Jesuit Cartography, Americas
Jesuit Cartography of the Americas: comparative case study of Baja California, Tarahumara and the Amazon by Mirela Altić
The maps that existed at the time of arrival of the first Jesuits to the American continent had already established the coastal outlines of the Americas. Thanks to the joint effort of sailors, cartographers and cosmographers, during the 16th century distinctive contours were given to Americas. However, within this vast landmass almost everything remained to be done. How did cartography came from the first outline maps of the American continent, published in the cosmographies to detailed regional maps that appeared in late 17th and 18th century? It is a Jesuit mapping based on their field work that link these two stages of cartography. The maps Jesuits produced were very different, depending on regional historical context and the conditions in which the Jesuits were acting in the certain countries.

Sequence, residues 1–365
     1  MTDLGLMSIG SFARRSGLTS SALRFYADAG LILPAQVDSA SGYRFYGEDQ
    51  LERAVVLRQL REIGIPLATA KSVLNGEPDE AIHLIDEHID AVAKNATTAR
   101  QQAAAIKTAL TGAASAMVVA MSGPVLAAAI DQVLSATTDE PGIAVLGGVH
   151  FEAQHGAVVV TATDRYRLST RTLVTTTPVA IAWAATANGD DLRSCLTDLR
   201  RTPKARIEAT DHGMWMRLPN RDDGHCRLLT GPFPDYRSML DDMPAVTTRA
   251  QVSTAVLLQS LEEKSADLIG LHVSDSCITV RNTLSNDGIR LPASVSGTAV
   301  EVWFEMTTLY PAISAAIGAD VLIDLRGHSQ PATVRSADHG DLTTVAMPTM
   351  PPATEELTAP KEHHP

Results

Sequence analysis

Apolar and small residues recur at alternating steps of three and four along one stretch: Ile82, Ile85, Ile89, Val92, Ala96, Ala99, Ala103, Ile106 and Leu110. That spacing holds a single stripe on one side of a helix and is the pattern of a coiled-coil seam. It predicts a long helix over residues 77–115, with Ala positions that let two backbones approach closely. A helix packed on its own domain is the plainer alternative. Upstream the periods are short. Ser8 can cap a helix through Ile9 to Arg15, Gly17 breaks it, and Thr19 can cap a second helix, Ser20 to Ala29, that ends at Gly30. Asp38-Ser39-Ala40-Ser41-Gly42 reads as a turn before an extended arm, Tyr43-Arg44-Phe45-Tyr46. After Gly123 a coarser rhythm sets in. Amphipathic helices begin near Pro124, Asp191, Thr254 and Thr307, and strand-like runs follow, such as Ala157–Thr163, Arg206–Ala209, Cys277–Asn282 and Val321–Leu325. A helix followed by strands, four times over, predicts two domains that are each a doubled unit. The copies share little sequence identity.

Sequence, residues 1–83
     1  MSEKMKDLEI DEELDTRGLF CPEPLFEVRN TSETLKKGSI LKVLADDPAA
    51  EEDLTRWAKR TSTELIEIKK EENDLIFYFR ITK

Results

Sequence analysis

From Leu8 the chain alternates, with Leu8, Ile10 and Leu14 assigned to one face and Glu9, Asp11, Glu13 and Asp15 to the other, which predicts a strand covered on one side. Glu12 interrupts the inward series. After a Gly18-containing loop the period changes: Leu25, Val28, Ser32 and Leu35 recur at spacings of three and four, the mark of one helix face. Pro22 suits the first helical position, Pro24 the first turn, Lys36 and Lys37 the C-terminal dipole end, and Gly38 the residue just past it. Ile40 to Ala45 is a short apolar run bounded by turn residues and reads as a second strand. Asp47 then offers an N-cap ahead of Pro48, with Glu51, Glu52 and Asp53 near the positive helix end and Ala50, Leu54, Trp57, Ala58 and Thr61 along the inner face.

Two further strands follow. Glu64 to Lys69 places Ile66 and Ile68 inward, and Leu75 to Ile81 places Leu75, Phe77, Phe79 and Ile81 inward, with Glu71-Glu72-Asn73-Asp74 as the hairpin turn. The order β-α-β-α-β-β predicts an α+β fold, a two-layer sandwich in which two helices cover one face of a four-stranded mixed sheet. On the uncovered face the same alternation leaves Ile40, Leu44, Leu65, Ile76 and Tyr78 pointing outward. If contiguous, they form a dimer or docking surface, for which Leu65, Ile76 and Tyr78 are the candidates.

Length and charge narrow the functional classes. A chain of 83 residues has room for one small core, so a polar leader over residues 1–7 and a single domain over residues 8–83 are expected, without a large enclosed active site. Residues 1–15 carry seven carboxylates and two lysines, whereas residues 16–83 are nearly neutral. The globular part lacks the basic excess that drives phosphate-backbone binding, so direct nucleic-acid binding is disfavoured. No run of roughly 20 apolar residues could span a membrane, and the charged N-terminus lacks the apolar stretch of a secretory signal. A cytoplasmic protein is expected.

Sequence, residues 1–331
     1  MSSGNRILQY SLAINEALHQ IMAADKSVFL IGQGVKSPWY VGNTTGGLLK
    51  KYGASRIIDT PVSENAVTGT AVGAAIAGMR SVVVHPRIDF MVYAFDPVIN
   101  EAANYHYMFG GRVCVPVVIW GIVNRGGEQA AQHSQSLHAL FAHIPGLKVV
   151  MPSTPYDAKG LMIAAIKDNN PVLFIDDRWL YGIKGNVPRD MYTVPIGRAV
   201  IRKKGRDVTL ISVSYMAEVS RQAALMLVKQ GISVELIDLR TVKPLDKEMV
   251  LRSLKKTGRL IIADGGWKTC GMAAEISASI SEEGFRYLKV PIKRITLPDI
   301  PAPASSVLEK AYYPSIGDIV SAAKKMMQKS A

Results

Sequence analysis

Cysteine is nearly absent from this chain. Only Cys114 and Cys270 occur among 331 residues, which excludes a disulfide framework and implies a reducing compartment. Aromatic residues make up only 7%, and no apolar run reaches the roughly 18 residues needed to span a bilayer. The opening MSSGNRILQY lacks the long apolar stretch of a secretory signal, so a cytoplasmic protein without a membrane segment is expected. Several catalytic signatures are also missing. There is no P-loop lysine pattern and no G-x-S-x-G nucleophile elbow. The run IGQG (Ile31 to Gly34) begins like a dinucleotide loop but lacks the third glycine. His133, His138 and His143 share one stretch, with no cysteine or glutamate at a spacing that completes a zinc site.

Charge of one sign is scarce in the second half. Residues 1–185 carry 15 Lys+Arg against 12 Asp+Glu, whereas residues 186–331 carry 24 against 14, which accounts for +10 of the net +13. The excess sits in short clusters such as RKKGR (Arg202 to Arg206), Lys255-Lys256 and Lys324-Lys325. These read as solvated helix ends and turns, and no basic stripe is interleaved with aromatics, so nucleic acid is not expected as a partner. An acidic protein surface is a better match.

Here presented selection of the maps illustrates a comparative case study of three regions in which Jesuits had a crucial role in its mapping: Baja California, Tarahumara (present-day Chihuahua) and the Amazon. Their activities in these regions resulted in mapping very different by it purpose: in Baja California it was to make final prove of its pensularity, in Tarahumara mapping ensured stability of the new missions while mapping of the Amazon course was aiming to mark the new Spanish-Portuguese border established after the Treaty of Madrid (1750).